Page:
Grinding Down the Competition
It is a well accepted fact that whole coffee beans stay fresher longer than already ground coffee, so why doesn't everyone buy whole bean coffee? It adds one more seemingly time consuming step to the process, the grinding. Although the old hand-crank grinders were very tedious, today you have many options that fit into our warp speed lifestyle.
In only a few days after grinding, by exposing more of its surface area to the oxygen around it, coffee loses about 80% of its aromatic qualities that create the flavorful brew we all love. The best time to grind the beans is right before you make the coffee. The easiest way to do this for drip coffee is the programmable, automatic, all-in-one coffee maker; it takes care of almost everything for you. You dump in the coffee beans and the water and voila! it does the rest. Set it for the time you want it start in the morning, then it grinds the coffee, moves it to the drip basket, makes the coffee (many of them even utilize a thermal carafe), and beeps to let you know it is ready. Some of these units require more effort to clean than others, so keep that in mind as you compare features. Ease of use is definitely a characteristic that ranks high on my list of importance.
Maybe you are extremely happy with your current maker and have no desire to search for a new one - no problem! There are many, many stand-alone grinders on the market today. They fall into these two categories: blade grinders and burr grinders. The most common and lower priced ones are blade grinders. They use a rotating blade, very similar to a food processor, to break down the beans. The fineness of the grind is determined by the time that you leave the blade running, which will be different depending on the amount of beans in the grinder, which in turn makes it difficult to attain a consistent coarseness each time. The positive note of a blade grinder is the low cost and the small size, especially suited for crowded countertops; however, the negatives are that it produces an uneven grind and heats the grinds as it processes them (thereby reducing the quality of the brew).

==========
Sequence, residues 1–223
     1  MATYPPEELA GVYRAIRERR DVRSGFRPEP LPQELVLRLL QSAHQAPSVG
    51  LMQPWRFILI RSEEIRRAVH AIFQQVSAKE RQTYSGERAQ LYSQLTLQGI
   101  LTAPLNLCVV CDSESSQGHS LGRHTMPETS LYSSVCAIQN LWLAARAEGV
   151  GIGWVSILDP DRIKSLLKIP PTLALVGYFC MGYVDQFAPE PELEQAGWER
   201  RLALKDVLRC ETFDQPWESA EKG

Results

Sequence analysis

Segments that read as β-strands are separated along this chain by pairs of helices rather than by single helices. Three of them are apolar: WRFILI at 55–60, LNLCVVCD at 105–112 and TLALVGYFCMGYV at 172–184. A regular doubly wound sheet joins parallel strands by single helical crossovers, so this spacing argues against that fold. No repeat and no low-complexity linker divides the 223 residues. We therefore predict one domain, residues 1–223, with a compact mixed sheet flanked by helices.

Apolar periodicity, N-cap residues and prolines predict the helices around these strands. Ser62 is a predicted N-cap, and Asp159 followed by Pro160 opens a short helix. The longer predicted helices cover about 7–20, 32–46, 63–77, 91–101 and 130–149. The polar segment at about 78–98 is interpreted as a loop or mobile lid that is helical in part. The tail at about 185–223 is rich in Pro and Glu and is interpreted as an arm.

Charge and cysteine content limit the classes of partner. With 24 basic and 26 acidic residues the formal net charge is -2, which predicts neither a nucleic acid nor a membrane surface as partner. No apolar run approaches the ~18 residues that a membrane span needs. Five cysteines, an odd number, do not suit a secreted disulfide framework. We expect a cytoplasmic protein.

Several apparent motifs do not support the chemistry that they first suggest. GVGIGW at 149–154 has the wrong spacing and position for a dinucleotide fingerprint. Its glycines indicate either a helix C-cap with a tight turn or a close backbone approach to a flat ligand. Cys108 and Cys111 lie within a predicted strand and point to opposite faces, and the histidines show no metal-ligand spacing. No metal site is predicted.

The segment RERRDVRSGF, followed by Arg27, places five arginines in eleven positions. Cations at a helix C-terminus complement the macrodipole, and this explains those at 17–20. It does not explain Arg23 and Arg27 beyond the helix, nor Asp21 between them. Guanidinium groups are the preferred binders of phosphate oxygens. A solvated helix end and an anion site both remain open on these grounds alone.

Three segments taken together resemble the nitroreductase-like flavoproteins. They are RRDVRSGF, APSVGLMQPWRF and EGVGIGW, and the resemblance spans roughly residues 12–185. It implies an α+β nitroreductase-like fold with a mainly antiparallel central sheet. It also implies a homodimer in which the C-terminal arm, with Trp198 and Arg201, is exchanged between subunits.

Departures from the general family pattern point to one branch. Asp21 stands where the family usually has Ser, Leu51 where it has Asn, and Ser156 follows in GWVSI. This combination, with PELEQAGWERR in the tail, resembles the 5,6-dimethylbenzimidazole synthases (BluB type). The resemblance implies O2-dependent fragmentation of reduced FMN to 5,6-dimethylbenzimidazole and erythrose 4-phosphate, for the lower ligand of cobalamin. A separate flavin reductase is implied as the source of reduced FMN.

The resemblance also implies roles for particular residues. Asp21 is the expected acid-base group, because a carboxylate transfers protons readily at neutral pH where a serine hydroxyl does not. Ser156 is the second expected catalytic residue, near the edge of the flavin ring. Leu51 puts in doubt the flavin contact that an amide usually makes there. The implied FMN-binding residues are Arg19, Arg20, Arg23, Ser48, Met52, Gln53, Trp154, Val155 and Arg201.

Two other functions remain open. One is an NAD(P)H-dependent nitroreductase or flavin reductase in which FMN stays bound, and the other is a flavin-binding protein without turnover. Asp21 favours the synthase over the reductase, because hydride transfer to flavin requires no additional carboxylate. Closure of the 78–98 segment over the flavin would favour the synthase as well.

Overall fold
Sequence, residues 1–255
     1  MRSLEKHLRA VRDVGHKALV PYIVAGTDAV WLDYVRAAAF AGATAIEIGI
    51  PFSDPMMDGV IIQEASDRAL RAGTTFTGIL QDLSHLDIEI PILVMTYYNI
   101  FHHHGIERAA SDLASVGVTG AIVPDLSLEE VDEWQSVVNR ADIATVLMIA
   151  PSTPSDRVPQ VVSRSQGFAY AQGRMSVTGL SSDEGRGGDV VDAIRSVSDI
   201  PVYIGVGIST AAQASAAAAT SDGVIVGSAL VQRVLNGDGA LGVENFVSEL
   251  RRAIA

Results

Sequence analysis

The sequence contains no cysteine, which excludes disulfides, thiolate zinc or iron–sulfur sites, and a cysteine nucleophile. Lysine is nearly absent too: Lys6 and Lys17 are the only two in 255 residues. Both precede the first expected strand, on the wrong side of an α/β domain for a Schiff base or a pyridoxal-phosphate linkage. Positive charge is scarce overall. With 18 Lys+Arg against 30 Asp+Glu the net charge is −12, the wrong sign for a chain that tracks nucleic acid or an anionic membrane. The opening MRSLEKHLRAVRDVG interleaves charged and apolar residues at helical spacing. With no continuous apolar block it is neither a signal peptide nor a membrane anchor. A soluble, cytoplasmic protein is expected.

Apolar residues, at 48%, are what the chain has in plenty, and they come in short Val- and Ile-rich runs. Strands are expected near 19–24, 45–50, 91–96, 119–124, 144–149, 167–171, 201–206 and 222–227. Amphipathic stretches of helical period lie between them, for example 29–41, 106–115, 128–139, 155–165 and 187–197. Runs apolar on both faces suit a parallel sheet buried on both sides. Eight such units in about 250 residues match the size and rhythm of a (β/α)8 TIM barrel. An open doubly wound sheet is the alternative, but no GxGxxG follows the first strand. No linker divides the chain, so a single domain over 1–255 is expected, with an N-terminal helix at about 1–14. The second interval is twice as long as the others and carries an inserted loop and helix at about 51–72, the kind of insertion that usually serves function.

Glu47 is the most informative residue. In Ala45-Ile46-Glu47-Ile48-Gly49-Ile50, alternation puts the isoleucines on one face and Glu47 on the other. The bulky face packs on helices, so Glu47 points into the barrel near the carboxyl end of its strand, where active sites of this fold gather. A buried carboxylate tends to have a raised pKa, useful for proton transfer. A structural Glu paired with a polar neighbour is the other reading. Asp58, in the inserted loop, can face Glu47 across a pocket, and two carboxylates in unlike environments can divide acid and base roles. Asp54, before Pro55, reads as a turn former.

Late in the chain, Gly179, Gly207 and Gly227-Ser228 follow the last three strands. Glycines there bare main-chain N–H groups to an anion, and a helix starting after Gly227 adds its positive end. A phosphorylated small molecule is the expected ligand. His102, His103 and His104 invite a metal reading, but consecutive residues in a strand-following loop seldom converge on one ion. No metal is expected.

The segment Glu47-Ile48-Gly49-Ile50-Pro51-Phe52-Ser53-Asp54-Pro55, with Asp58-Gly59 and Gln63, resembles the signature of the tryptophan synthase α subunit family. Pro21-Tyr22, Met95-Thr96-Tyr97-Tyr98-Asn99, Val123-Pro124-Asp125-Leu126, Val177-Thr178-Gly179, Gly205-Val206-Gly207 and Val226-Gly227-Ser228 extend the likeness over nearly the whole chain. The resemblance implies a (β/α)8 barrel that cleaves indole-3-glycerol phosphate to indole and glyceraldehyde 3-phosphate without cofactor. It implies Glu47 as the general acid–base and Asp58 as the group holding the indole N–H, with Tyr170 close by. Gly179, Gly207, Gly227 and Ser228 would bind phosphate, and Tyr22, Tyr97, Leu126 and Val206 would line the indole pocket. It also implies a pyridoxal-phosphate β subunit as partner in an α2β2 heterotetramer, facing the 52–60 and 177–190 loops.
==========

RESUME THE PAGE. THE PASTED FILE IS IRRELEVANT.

The other option is a burr grinder. A "burr" is a cast piece of metal that has sharp pointed projections on it, like a coarse file or a rasp. It grinds by compressing the beans through a stationary burr and a rotating burr. Some machines use cone shaped burrs and others use two flat burrs, but the quality of both is about the same. The best thing about these is the consistency of the grind. You can set the dial to the exact coarseness desired and the beans are evenly ground when they exit the burrs. This is great for a French press that needs an even, coarse grind. If there are fine particles mixed in with the coarse ones, the fines will go through the metal filter and end up in your cup.
This consistency is also absolutely necessary for an espresso machine. An espresso grind needs to be very fine and very even to produce a consistent shot. It takes approximately 23 seconds to brew through an espresso machine and a variation of 5 seconds either way can ruin the shot. For the drip coffee maker, it has the quality of being easy to use. You don't need to watch and time the grinder for the coarseness; you just dump the beans in the hopper, set the desired coarseness, and it moves them from the hopper to the tray as it grinds. Also, it does not heat the grounds like the blade grinder, retaining the aromatics and quality of the coffee, and it grinds the same amount of coffee faster than a blade grinder would. The negatives of burr grinders are usually the larger size and the higher cost.
Whichever option you chose, grinding right before brewing will definitely produce a more flavorful brew. Try it out for yourself and see the difference.
Published: December 2007, Last Modified: August 2011